The day before Wang’s meeting with investors, an internal Vanke letter, its author uncertain, had leaked, defiantly proclaiming that “Vanke will never be a slave to private capital.” The spectacle of a publicly traded company decrying stockholder control was not lost on social media, where discussion of Vanke was widespread. “What’s a company with Chinese characteristics? It’s one that shouts slogans of socialism, discriminates against private enterprise, and looks down at stakeholder rights, all while relying on political intervention,” wrote one user on Weibo, a microblogging platform.
Others defended Wang Shi’s plight as a statement on the expanding role of private capital in what’s currently a hybrid economy that combines central planning with pockets of market freedom. “China doesn’t lack capital — it lacks people like Wang Shi,” wrote one observer, decrying those “savages” who were “trying to exterminate Wang and his management team.” One web commenter wrote that “Vanke has been good and honest in the real estate industry,” but “in China, the good and honest are weak.”
Mainstream and pro-business voices generally came to Wang’s defense. Qin Shou, the vice-chairman of Shanghai Media Group, bemoaned his friend’s misfortune. “This is an important moment for the whole of Chinese business,” Qin wrote. “Can we balance business performance with ethical practices?” Newspapers across the country ran a cartoon featuring Wang in a losing tussle with a brawny, much larger brute. “Wang Shi gambled that Chinese society would become more civilized and open — that people’s moral standards would grow stronger,” wrote Peking University economist Xue Zhaofeng on state-run Xinhua. Not everyone agreed. “Vanke’s development into the biggest real estate develop is not the work of some mythical Vanke culture, nor is it because of Wang’s noble moral character,” wrote Deng Xinhua, a scholar and economics commentator. Deng believed Wang simply didn’t want to cede control to a large shareholder.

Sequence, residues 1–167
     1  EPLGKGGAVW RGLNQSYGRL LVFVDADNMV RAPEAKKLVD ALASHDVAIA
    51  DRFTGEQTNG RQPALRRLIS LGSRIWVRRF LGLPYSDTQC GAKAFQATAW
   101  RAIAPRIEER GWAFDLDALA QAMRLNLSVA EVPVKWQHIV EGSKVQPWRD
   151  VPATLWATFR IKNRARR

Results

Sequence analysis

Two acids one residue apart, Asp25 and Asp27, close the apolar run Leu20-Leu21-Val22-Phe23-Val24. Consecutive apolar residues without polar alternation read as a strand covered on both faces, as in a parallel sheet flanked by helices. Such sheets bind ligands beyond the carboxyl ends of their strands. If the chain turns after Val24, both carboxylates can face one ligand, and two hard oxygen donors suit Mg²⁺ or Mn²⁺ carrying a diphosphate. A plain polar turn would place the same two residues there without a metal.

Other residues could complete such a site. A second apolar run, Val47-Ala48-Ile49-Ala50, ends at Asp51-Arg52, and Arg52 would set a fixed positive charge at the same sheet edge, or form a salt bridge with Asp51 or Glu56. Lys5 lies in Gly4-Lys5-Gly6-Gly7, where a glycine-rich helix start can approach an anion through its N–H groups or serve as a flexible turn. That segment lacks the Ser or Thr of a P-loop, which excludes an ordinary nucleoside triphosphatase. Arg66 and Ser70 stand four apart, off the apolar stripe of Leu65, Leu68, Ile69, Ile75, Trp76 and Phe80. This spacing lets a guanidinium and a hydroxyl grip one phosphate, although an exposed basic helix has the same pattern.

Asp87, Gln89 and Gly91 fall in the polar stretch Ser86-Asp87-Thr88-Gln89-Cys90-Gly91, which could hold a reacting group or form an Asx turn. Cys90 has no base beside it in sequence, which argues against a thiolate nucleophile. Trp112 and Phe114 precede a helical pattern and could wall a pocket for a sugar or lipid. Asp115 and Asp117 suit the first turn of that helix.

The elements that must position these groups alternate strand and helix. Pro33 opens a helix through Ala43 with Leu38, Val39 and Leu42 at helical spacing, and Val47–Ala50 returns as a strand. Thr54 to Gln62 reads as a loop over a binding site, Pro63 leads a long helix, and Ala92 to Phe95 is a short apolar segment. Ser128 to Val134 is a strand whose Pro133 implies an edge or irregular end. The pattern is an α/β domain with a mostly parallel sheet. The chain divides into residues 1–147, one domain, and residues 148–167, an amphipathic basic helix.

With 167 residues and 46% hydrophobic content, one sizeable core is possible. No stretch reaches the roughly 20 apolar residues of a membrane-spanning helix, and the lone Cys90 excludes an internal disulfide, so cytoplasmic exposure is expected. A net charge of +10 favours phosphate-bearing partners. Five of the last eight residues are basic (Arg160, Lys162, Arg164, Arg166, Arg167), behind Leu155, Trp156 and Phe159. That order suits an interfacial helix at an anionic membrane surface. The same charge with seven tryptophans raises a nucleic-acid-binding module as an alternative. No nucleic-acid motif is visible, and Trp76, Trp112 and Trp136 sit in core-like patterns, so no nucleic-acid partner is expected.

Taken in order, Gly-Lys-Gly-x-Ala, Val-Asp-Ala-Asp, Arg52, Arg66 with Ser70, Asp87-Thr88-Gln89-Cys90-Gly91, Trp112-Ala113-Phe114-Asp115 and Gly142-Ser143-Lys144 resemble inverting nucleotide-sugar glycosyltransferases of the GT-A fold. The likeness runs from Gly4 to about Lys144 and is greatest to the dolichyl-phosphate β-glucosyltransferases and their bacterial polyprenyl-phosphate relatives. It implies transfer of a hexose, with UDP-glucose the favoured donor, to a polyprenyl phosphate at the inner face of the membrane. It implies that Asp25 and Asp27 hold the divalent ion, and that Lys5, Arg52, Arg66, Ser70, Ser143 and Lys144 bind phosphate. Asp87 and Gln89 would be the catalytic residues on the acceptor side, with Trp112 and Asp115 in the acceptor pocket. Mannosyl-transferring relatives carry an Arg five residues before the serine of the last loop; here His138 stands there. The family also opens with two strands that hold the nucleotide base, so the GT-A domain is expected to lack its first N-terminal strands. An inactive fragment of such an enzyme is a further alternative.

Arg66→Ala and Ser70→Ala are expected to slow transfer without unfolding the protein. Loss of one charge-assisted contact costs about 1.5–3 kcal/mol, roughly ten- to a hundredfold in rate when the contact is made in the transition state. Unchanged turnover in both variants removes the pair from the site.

Others disposed to sympathize with Wang nevertheless seemed willing to let the market decide the matter. “Talk all you want about Wang’s contribution to society, or his entrepreneurial spirit,” read one Weibo post. “In the end the capital market has no feelings, only rules and laws.” The CEO of state-owned Sinopec compared Wang’s ouster to Brexit: “The outcome was unfavorable, but the process through which it was reached was mutually agreed upon and legal.” Whether or not Wang retains his position at CEO, it’s clear China’s market economy is here to stay. “The world has changed, but Wang has remained the same,” one commentator opined. “What Vanke does not realize,” the writer continued, “is that these outside invaders are investors, and they’re the real boss.”
Not quite yet. After a long silence, China Resources announced that it would veto Baoneng’s proposal. At least for now, Wang’s position is safe, though it’s unclear how long a battle of attrition between him and his largest investor can last. On July 4, Vanke shares, which resumed trading this week, dropped ten percent on the Shenzhen stock exchange.
In November 2013, China’s ruling Communist Party issued a widely cited communiqué that called for the private market to play a “decisive role” in allocating economic resources. Like many in China, Wang never seemed to embrace that sentiment; in January of 2016, soon after rebuffing Baoneng’s attempt to buy a majority stake in Vanke, he exclaimed that he would never allow a private enterprise to become Vanke’s majority shareholder. Wang reasoned that China is a socialist country — even though Vanke itself is publicly traded. “You live your life in a capitalist country,” one Weibo user wrote, “and [only] now remember socialism.” In the long term, this self-serving logic is unlikely to hold.